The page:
Lyndon B. Johnson photo

Remarks With Prime Minister Pearson to the Press at Camp David.

April 03, 1965

THE PRESIDENT. The Prime Minister was in Pennsylvania and I was going to be here and I asked him to come over and have lunch with me. He is returning shortly. We have no news for you but George indicated yesterday evening that we would see you today and so I told him to bring whatever group he felt was necessary up here.

The Prime Minister and I have talked about various problems that affect our respective countries. We talked about the problems in the Great Lakes, and aviation agreement, and our relations with other countries, and problems in Viet-Nam, Europe. We had a general discussion, a friendly one. He is returning.

I may have two or three announcements for you a little later regarding my schedule next week and regarding some appointments perhaps, but I'll still be working on them and by the time you get back to town I may finish them. If so, George will give them to you. If not, I'll give them to you on Monday.

That is all I have to say. If the Prime Minister has got anything to say I'll be glad.

PRIME MINISTER PEARSON. I haven't much to say except it has been a very pleasant couple of hours and I am grateful to the President for giving me the chance to come to Camp David while I was in Philadelphia and having an exchange of views with him.

There were one or two things on the Canadian-American front we were concerned with. One was to try to remove the remaining difficulties in the way of an air agreement between our two countries, which we have been working on for some time and which is a difficult and complicated matter. A good many interests are affected. We hope to have that cleared up before long. I think I said that when I was down here about a year ago. I still hope.

Then we discussed the possibility of working out an agreement between our two Governments on Great Lakes problems--pollution, water levels. This can't be done by one side alone, and this requires also on our side provincial cooperation and we are going into that and see if we can work out an agreement to see if it will help.

Then, as the President said, we talked about the state of the world, which isn't as happy in some places as it should be.

I think that is about all that I have to say.

THE PRESIDENT. The Prime Minister will be leaving very shortly and I expect to stay here until Monday--unless Mrs. Johnson changes my mind.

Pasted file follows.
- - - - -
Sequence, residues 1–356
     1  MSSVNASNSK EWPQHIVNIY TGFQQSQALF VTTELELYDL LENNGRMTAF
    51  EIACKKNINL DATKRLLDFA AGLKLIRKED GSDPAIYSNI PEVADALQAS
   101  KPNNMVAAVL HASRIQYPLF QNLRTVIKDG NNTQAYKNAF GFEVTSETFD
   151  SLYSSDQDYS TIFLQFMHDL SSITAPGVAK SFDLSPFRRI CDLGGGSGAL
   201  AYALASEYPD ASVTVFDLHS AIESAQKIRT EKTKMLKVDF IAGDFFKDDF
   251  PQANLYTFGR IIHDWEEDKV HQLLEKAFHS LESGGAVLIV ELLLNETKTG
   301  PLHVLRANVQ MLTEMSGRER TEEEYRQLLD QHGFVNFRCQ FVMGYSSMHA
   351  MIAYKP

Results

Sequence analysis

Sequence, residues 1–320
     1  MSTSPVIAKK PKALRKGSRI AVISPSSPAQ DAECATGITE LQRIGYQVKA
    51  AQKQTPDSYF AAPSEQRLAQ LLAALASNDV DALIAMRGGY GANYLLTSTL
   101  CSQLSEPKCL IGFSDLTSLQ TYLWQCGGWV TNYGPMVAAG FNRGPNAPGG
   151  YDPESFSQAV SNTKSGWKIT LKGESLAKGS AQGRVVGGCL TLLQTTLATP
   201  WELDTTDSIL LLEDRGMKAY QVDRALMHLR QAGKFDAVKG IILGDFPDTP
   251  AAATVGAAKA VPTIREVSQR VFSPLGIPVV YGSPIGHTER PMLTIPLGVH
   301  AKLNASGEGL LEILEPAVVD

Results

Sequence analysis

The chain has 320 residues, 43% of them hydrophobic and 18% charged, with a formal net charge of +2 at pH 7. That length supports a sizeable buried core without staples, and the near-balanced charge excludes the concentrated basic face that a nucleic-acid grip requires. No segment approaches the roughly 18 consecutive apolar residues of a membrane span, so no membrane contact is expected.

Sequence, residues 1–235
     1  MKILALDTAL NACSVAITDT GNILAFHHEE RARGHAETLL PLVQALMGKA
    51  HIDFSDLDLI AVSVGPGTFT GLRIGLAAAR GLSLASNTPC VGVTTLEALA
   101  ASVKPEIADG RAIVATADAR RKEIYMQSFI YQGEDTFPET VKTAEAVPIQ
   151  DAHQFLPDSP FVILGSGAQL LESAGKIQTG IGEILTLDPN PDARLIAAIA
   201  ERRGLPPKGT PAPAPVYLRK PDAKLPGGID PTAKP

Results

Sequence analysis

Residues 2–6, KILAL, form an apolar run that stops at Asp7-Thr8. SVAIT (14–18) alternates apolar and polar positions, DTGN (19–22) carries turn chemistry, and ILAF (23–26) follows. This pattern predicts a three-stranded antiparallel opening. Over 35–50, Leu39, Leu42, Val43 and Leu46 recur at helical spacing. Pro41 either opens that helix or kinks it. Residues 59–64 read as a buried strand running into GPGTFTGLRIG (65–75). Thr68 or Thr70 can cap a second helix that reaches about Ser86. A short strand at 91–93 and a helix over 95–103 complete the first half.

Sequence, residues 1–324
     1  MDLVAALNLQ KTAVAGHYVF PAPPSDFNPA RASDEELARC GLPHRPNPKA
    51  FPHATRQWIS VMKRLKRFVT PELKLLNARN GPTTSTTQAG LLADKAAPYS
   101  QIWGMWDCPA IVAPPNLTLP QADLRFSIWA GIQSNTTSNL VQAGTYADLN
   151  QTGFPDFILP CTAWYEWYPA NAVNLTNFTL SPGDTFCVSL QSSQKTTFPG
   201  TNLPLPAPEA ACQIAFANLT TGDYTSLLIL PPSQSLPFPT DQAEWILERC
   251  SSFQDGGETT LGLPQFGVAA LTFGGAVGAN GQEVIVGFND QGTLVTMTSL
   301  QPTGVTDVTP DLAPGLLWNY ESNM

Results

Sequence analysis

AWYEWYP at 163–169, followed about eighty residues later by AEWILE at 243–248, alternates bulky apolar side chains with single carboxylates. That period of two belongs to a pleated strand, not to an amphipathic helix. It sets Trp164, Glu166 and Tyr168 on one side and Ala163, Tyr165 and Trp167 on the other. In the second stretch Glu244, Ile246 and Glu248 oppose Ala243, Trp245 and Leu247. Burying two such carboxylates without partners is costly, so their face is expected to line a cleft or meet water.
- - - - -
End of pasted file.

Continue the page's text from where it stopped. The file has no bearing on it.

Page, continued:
Q. Mr. President, a couple of us will be over in the motel if you need us.

Q. Mr. Prime Minister, did you take up the question of Viet-Nam about which you talked in Philadelphia last night?

PRIME MINISTER PEARSON. We talked about Viet-Nam and a view that I expressed last night. I don't want to say anything about that except to reiterate in our government we have tried to understand the position of the United States in Viet-Nam as I underlined last night and support that position. I have said before, and I don't mind repeating, it is the responsibility of the international community--not only of the United States which is bearing the responsibility at the moment. We wish to continue that support.

Q. Do you see any obstacle to continuing that, Mr. Prime Minister?

PRIME MINISTER PEARSON. No, I would just want to say we would want to continue supporting the United States' effort to bring peace to the people of Viet-Nam which is the only thing that concerns the United States in this matter. As I said last night, the intervention of the United States in Viet-Nam was at the request of the Government of the country. It was an honorable intervention, we should remember this, not inspired by any mean or nationalistic motive or imperialistic motive. That was the spirit of the intervention and that is the kind of intervention we think ourselves and other countries should support. It is designed to bring peace and freedom to the country, and we support that.

Q. Is that satisfactory to you, Mr. President?

THE PRESIDENT. It is not a matter for me to pass judgment on what other governments do. It is his expression and he has expressed it very well.

Q. Mr. President, since the subject has been raised here about the Prime Minister's speech last night, is what he said figured in your talks today ?

PRIME MINISTER PEARSON. We were talking about the situation generally. I only made this speech last night. The President has other things to do than read my speech. Believe me, I would have been very glad to come down here and have a talk with the President about the state of the world.

THE PRESIDENT. His visit has nothing to do with Viet-Nam. That wasn't the purpose of it or anything else or anything you could blow up and make look big or dramatic.

He has told you about all he knows and I have too and we are glad to have seen you. Reporter: Thank you, sir.

Note: The President and Prime Minister Lester B. Pearson of Canada spoke to the press on the patio of Aspen Lodge at Camp David, the Presidential retreat in the Catoctin Mountains of Maryland.

During his remarks the President referred to George E. Reedy, Press Secretary to the President.

Lyndon B. Johnson, Remarks With Prime Minister Pearson to the Press at Camp David. Online by Gerhard Peters and John T. Woolley, The American Presidency Project

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